Visiting Scholar Geethanjali Nataraj participated in an interview with The Dollar Business (TDB) magazine on December 12, 2016.
TDB: Donald Trump’s victory in US election has sparked many talks on isolationisms and protectionisms. Do you see this impacting global trade policies?
Geethanjali Nataraj (GN): Earlier, it was just the proliferation of FTAs, but now it is all about the mega FTAs like Trans-Pacific Partnership (TPP) and Transatlantic Trade and Investment Partnership (TTIP). And with the Trump administration going against trade, America will be affected. Other countries may also follow suit. Protectionism will rise and, I think, mega FTAs will be dropped. I think more countries will sign bilateral deals with countries that they have some interest in and India is also going to do the same. Since TPP has not gone through as of now, India has more time to prepare for more internal reforms such as Goods and Services Tax (GST).
TDB: Do you think India must join Regional Comprehensive Economic Partnership (RCEP) despite what is happening with the TPP?
GN: Even if RCEP goes through, its significance has declined. But then, RCEP is the only big regional trade deal that India is a part of. So, it is more or less beneficial for India to be a part of RCEP than to be in isolation. But, in the long-run, I don’t think it will serve any purpose. It would be better for India to sign bilateral deals with countries that it has specific interests in.
TDB: Leaving aside India, do you think China will emerge as a strong leader with RCEP and develop trade ties with African and Latin American countries?
GN: Yes! Since TPP does not have US in the equation anymore, countries like Australia and Japan may ask China to become a part of it. Japan can lead TPP without US, but now, if Australia wants China to be a part, China can take the lead in all of this – including China’s own initiatives like the ‘One Belt, One Road’ initiative. So, you really cannot do much without China!
TDB: Do you think the North American Free Trade Agreement (NAFTA) is in trouble?
GN: Obviously, NAFTA is in trouble. These countries – Canada and Mexico – will obviously look at other agreements that US is not a part of. Everybody will try and frame their own trade policies according to the changing situation. And now that all know exports to US are not going to be so easy, US firms are not going to invest in Mexico.
TDB: How do you look at India-US trade development under Trump’s administration?
GN: There was a time when US was India’s largest trade partner – not anymore though. India’s trade no longer depends on just US – anyways our exports to US are declining. But, I think, the large-scale investments from US into India might get affected. Also, India’s service exports will get affected, not only because of Trump, but also because of Brexit. The sentiment of nationalism is growing strong in these countries and India’s services sector is really going to be hit with anti-immigration policies.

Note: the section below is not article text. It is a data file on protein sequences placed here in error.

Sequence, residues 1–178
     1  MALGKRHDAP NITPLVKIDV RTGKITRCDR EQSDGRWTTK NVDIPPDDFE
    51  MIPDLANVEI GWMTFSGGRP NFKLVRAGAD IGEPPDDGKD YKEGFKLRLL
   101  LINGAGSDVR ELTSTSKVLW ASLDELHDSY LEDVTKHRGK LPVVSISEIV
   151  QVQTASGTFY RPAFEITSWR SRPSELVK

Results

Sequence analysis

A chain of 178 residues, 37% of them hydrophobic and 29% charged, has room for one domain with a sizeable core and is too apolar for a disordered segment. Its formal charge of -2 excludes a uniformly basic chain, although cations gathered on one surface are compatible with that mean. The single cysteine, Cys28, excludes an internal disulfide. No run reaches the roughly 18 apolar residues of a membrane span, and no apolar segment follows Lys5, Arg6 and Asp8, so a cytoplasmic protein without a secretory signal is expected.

TDB: What is your take on the long-pending India-EU FTA and the potential of an India-UK FTA?
GN: India-EU FTA has been on the back burner for almost three years. Negotiations have sretarted, but EU is not giving data security status to India and India is not ready to give entry to their wine and automobile industry, so there is a problem. Of late, India is trying to negotiate something with UK – there are a lot of permutations and combinations that are being worked out, but it’s too early to comment. So, I don’t think anything is going to happen in the global trade for the next few months. I think people will allow Trump to settle down and see if he is ready to give a second look to TPP – if TPP goes through then the scenario will be very different. So, it’s wait and watch time and nothing drastic will happen in the coming months.
TDB: How would you explain the Trump phenomena?
GN: I am not an expert in this, but I think there is very little that he can do by himself. I don’t think US’s relationship with India will be affected in any way because US needs India more than India needs US. This is also because of the geopolitical situation developing in Asia and US’s deteriorating relationship with China. US is aware that India has a role to play and, I think, India will get more concessions than other countries.
TDB: FTAs have been opposed in India, especially with developed countries. What are your views on this?
GN: Many industry chambers have raised an objection to most of the FTAs. They include even the Comprehensive Economic Partnership Agreement (CEPA) between India and Japan, India-Korea CEPA, India-Malaysia CECA, etc., because India’s exports declined after signing them. So, the government has set up an expert committee under the chairmanship of Arvind Subramanian, Chief Economic Advisor, GoI, who has taken out a report on what India should be doing with these FTAs. We don’t know the recommendations, but I think India should continue to do its bilateral deals and FTAs with other countries. We can set right our policy in the domestic sector and look for new avenues outside to export our goods.
This interview first appeared in the January 2017 Issue of The Dollar Business. Like other products of the Brookings Institution India Center, this article is intended to contribute to discussion and stimulate debate on important issues. The views are of the author(s) and participant(s). Brookings India does not have any institutional views.